7 – Strings & Chars

A String (notice the capital “S”) is another variable type that holds type.
String theText = “joe is good”;
would put “joe is good” into the variable theText.

PFont font; 
String theText; 
 
void setup(){ 
  size(400, 200); 
  theText = "cheese is good"; 
  font = createFont("Helvetica", 24);
  textFont(font);
}
 
void draw(){
  background(200); 
  text(theText, 20, 90); 
}

A char is a single character, and you can think of a String as an array of chars. You use the term charAt() to get a char from a string. The line
char letter = theText.charAt(2);
in the code above this line would set the variable letter to “e” (don’t forget arrays start at 0!)
You can add to a string with the + symbol, but you cannot compare strings with the = sign, you have to use “equals”

PFont font; 
String theText, theText2; 
 
void setup() { 
  size(400, 200); 
  theText = "cheese is good"; 
  theText2 = "cheese is real good"; 
  font = createFont("Helvetica", 24);
  textFont(font);
}
 
void draw() {
  background(200); 
  if (theText.equals(theText2) == true) {
    println("it's the same yo!");
  }
  else {
    println("Not the same, fool!");
  }
}

Strings can also go into arrays.

Font font; 
String [] textList = new String [5]; 
int wordNum = 0; 
int wordX = 800; 
void setup() { 
  size(800, 100); 
  textList [0] = "stuff"; 
  textList [1] = "things"; 
  textList [2] = "objects"; 
  textList [3] = "junk"; 
  textList [4] = "detritus"; 
 
  font = createFont("Helvetica", 24);
  textFont(font);
}
void draw() {
  background(0); 
  wordX -= 10; //this takes 10 pixels off our word's X location every loop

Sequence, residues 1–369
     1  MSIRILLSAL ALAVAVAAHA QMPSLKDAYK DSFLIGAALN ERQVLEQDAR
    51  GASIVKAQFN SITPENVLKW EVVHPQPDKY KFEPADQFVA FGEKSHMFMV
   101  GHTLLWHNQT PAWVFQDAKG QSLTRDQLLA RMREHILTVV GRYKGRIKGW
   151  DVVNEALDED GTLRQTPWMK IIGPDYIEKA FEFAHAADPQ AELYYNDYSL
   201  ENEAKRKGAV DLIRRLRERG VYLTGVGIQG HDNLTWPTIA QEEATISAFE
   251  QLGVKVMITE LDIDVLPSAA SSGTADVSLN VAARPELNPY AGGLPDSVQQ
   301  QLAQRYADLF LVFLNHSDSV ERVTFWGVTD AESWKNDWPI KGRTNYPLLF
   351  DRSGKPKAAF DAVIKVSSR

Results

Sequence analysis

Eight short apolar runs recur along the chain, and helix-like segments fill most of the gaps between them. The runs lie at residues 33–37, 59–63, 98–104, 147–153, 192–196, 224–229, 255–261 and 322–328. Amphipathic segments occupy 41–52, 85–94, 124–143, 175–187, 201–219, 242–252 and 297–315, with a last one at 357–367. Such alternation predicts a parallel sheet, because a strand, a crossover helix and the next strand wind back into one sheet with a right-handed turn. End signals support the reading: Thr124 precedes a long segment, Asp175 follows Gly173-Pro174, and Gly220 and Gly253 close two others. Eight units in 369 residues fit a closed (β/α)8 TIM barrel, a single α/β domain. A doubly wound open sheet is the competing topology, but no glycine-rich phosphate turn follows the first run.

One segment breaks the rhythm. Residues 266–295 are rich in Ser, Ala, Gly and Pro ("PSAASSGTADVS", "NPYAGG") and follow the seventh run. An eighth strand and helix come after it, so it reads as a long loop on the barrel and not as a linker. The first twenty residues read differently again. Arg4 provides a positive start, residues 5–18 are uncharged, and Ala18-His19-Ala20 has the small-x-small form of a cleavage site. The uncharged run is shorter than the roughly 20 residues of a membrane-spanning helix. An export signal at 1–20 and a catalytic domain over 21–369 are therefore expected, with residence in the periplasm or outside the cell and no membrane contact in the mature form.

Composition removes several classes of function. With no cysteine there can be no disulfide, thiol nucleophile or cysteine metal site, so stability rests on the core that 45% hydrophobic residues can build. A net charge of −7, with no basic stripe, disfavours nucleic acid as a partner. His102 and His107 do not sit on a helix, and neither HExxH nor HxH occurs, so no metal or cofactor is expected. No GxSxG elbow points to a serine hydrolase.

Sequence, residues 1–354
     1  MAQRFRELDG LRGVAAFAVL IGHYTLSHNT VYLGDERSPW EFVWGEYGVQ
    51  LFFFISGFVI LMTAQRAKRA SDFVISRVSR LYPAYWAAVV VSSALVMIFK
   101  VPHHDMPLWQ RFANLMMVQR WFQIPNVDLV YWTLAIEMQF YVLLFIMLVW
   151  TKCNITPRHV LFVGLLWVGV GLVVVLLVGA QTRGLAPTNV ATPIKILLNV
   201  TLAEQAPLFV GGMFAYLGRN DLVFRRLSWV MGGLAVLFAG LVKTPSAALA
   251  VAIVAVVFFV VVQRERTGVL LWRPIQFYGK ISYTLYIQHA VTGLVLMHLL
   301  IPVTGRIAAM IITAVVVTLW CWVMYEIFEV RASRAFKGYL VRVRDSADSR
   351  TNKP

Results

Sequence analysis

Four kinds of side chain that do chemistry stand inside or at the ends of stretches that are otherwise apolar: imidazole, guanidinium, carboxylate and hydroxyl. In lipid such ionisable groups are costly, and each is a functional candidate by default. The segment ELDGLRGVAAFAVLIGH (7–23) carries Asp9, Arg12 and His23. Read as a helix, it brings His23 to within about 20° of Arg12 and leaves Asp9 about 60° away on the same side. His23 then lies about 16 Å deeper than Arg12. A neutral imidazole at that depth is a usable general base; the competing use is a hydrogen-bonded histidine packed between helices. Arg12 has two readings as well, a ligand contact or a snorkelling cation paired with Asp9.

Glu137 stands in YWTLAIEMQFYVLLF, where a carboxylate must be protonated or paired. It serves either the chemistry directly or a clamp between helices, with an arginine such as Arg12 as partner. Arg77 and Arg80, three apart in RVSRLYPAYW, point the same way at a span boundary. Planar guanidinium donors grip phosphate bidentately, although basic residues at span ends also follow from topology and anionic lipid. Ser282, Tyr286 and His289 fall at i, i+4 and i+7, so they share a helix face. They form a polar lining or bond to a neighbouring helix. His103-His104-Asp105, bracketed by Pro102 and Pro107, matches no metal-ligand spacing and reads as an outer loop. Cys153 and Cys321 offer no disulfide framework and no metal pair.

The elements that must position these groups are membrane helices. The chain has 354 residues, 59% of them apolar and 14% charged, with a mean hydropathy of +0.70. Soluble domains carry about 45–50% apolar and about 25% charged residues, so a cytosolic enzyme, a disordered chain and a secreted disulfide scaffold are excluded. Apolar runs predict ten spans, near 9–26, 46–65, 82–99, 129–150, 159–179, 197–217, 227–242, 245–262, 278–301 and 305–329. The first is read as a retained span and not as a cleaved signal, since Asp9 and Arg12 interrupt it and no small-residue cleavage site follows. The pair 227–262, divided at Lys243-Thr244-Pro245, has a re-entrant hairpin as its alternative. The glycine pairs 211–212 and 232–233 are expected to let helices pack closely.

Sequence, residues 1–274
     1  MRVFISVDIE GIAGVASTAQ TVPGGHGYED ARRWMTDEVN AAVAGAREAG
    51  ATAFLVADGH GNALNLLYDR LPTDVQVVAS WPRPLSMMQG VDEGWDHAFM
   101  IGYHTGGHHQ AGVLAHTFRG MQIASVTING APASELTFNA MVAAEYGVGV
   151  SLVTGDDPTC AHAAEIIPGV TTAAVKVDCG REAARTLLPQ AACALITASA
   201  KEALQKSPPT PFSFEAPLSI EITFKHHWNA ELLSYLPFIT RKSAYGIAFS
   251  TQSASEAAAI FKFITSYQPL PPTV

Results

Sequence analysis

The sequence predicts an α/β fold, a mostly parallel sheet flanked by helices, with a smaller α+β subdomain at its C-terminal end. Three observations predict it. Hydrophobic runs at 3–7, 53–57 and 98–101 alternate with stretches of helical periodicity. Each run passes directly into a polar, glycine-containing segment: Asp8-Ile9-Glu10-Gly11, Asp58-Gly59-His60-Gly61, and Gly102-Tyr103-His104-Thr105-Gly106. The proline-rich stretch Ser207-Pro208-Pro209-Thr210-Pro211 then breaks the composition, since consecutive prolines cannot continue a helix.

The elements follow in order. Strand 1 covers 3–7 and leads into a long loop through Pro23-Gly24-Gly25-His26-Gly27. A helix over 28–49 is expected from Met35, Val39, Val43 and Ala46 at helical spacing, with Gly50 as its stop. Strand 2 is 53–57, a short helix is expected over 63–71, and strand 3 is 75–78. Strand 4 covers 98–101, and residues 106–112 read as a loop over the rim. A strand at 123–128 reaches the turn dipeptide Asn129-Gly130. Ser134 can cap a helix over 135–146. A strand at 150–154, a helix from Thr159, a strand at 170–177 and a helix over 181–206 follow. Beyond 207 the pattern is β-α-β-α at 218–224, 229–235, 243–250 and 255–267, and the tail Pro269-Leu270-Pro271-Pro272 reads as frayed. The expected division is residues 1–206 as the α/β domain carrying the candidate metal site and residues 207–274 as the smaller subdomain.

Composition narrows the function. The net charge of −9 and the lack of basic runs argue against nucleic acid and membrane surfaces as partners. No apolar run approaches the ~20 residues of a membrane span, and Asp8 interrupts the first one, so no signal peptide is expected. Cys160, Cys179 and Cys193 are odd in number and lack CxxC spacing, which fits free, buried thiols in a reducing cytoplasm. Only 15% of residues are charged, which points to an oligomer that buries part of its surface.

if (wordX < -20) {  //if word x location gets to < -20 
    wordX = width + 20; //make it  820 again
    wordNum++;  //and move onto next spot in the array
    fill(random(255), random(255), random(255)); //choose a new color
  }
  if (wordNum == 5) { //if we get to the end of our word array
    wordNum = 0; //go back to first position (index no. 0)
  }
  text(textList[wordNum], wordX, height/2); //draw text to screen
}

This sketch has a string called phrase that is catching keystrokes. Notice in this code we actual’y set the phrase to “” which is an empty string. For some reason it won’t work if we query a string that has nothing in it.

PFont font; 
String [] textList = new String [5]; 
String phrase = ""; 
int wordNum = 0; 
int wordX = 800; 
boolean checkPhrase; 
 
void setup() { 
  size(500, 200); 
  textList [0] = "stuff"; 
  textList [1] = "things"; 
  textList [2] = "objects"; 
  textList [3] = "junk"; 
  textList [4] = "detritus"; 
 
  font = createFont("Helvetica", 24);
  textFont(font);
}
void draw() {
  background(0); 
  fill(255); 
  text("what is in the drawer?", 30, 30); 
  text(phrase, 30, 60); 
  checkPhrase = false; 
  for (int i = 0; i < textList.length; i++) {
    if (phrase.equals(textList[i]) == true) {
      checkPhrase = true;
    }
  }
  if (checkPhrase == true) {
    text("you're right!", 200, 140);
  }
  else {
    text("you're not even close!", 200, 140);
  }
}
 
void keyReleased() {
  phrase += key;
}

This works well, but what about the delete key? Start by printing out the keyCode in the keyReleased area – this will get the code for return too. You’d think that deleting the string by one character would be easy, but it’s not. Here’s how you do it.

if (keyCode == 8 && phrase.length() > 0) { 
phrase = phrase.substring(0, (phrase.length() -1));
}

The first line says: “if the keyCode for the delete key is pressed and the String isn’t at 0 already, then …”
The second line says: “take your string and make another string that happens to be one character shorter than the current string, oh and name the new string the same thing as the old string.”

Exercise

Find or write a haiku poem.
Dynamically represent that poem on the screen.
Each line of the poem must be a separate line in an array.

 

More material.

See this very useful tutorial on writing and displaying strings to the screen – the tutorial here.